Greenhouse farming changes lives in Oruchinga Refugee settlement
Promoting climate resilient refugee communities
Oruchinga, Isingiro district — It’s the middle of harvest season and Oruchinga Refugee Settlement in Western Uganda is buzzing with activity.
A group of refugee farmers are filling a big plastic tub with freshly harvested onions from their green house. Eggplants, peppers and spinach will be harvested soon after.
The vegetables and tub belong to members of Twitezi Imbere group, one of the various greenhouse groups established within the settlement through UNDP’s ‘Climate Resilient Livelihoods Project.’
The project was implemented by the United Nations Development Programme (UNDP) in cooperation with the Humanitarian Initiative Just Relief Aid (HIJRA), as part of efforts to promote climate resilient livelihoods in the settlement where the environment has been heavily degraded by the large number of refugees.
“Just last month, we got a good harvest of cabbages which we sold to restaurants and hotels,” Niyorugira Pascasin, a refugee from Burundi who is also the group’s treasurer says with a smile.
The Twitezi Imbere group is comprised of 30 members; 24 refugees and 6 host community members, 18 females and 12 males. The refugees are from various countries including Burundi, Rwanda, and the Democratic Republic of Congo (DRC).
Group members work together to plant, harvest and also learn new methods of farming. This has increased their harvest and made it easier for them to sell their produce at markets both within and outside the settlement.
Niyorugira, who has been working as the group treasurer for 2 years manages the group’s finances and also finds the market for their produce.
“When I had just arrived, I was doing backyard gardening but was not earning much from it. Now with the shared work, knowledge and savings, each group member is able to receive 10,000 Uganda Shillings (approximately USD2.6) every week,” Niyorugira says.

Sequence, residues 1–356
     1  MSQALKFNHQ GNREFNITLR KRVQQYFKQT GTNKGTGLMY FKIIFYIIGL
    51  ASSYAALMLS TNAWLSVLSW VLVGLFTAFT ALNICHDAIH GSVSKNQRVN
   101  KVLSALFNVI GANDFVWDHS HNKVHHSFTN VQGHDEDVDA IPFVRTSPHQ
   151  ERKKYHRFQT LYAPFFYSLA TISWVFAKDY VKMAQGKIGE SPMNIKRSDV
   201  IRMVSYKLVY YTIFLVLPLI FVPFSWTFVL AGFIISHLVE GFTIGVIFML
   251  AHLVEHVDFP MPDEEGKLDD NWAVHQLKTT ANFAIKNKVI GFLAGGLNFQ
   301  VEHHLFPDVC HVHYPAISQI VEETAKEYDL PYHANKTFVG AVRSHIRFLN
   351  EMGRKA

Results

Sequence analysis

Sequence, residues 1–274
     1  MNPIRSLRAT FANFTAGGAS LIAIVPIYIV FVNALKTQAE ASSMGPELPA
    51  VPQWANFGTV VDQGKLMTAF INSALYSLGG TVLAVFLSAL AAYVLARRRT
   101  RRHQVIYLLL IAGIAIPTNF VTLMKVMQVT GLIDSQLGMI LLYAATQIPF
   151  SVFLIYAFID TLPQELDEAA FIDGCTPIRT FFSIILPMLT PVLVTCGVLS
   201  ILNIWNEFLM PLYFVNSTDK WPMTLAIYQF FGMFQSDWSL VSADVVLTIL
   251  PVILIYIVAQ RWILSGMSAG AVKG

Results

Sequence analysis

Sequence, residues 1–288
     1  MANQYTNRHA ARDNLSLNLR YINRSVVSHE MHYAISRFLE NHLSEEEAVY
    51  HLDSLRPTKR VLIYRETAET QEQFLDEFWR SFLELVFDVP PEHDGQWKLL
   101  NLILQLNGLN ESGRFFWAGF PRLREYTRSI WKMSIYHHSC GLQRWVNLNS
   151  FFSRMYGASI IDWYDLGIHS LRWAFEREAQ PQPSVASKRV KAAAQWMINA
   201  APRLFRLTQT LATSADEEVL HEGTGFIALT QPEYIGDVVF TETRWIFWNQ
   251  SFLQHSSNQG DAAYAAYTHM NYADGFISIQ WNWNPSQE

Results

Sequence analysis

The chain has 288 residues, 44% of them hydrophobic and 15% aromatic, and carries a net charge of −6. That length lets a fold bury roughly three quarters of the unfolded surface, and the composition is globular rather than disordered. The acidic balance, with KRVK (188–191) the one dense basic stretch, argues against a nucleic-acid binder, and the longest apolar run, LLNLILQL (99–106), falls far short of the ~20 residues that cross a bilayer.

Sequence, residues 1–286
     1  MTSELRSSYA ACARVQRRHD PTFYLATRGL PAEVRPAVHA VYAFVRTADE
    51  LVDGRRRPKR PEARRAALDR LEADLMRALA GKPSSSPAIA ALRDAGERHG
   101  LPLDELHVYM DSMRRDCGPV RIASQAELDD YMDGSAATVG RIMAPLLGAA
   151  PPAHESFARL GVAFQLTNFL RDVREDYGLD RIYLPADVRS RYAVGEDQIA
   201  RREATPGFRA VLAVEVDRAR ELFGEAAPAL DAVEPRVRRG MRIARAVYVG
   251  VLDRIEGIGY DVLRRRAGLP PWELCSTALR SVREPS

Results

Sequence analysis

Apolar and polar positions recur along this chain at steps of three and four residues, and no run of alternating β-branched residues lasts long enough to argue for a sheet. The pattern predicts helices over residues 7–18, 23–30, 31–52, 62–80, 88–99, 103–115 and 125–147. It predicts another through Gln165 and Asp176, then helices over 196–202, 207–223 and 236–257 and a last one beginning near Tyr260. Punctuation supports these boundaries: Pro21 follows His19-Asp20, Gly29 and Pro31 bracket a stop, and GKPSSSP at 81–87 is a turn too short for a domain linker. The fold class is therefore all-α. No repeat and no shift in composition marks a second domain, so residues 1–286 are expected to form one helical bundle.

Another greenhouse group, Tubandane group, has earned 7,080,000 Uganda Shilling (approximately USD 1,850) in total sales this season. To diversify their income sources, the group used some of its earnings to buy a cow, whose droppings are being used as manure in their greenhouse garden.
The group also has a Village Savings and Loan Association (VSLA) component where members can borrow and save money.
“Through our savings from the group, we are paying school fees for two of our children to go to secondary school,” Christopher Rwasa, the team leader of the group proudly says, adding that growing vegetables has enabled their families to eat healthy.
This UNDP initiative started in 2016 as a pilot project under the Sweden-funded global Integrated Climate Risk Management Programme (ICRMP). Given its initial success, UNDP implemented a second phase running from October 2017 to February 2018, under its Emergency Response and Resilience Strategy for Refugees and Host Communities Project.
In addition to the assistance to the groups, the project also supports individual farmers to practise backyard gardening. One such farmer is Emmanuel Jamari (pictured left), a refugee from Rwanda who arrived in Uganda 17 years ago. He grows various vegetables including cabbages, hot peppers, maize, carrots, and tomatoes in his backyard garden.
Through the project support, he has seen the harvest from garden increases 30-fold from previous years. Using his knowledge from the project, Jamari now trains his neighbours on vegetable growing. He is considered a key resource person in this area by both refugees and the nationals.
Over the two years of its implementation, the project has reached a total of 615 refugees and host communities members. Most of these self-reliant groups are functioning as VSLAs at the same time. Some of its key achievements include;
- Establishment of a greenbelt which is maintained by 9 member management committee member to protect the shores of Lake Rwamurunga from soil erosion;
- 150 community members supported and trained in green house management;
- 350 community members supported to improve backyard gardening;
- 34 youth in an income generating activity (IGA) groups supported to carry out pig breeding;
- Establishment of fish cage farming in Lake Rwamurunga, maintained by trained 55 community members.
The support provided has benefited both refugees and host communities members, encouraging them to protect their environment all the while improving their live hoods.
About Refugees in Uganda
Since getting its independence in 1962, Uganda has long accepted refugees and asylum seekers within its borders. After the outbreak of conflict in neighbouring South Sudan in 2013 and recent fresh influx from DRC, Uganda has been experiencing increasing numbers of refugees making it one of the largest refugee hosting countries in Africa with over a million refugees.
Displacement is a long term issue which requires long-term solutions, especially in Uganda where refugees are settled within communities, as opposed to camps, and enjoy access to services and freedom of movement, like in Oruchinga Refugee settlement.
Text & Photos by: Natsuki Matsumoto. Edited by: Doreen Kansiime, UNDP Uganda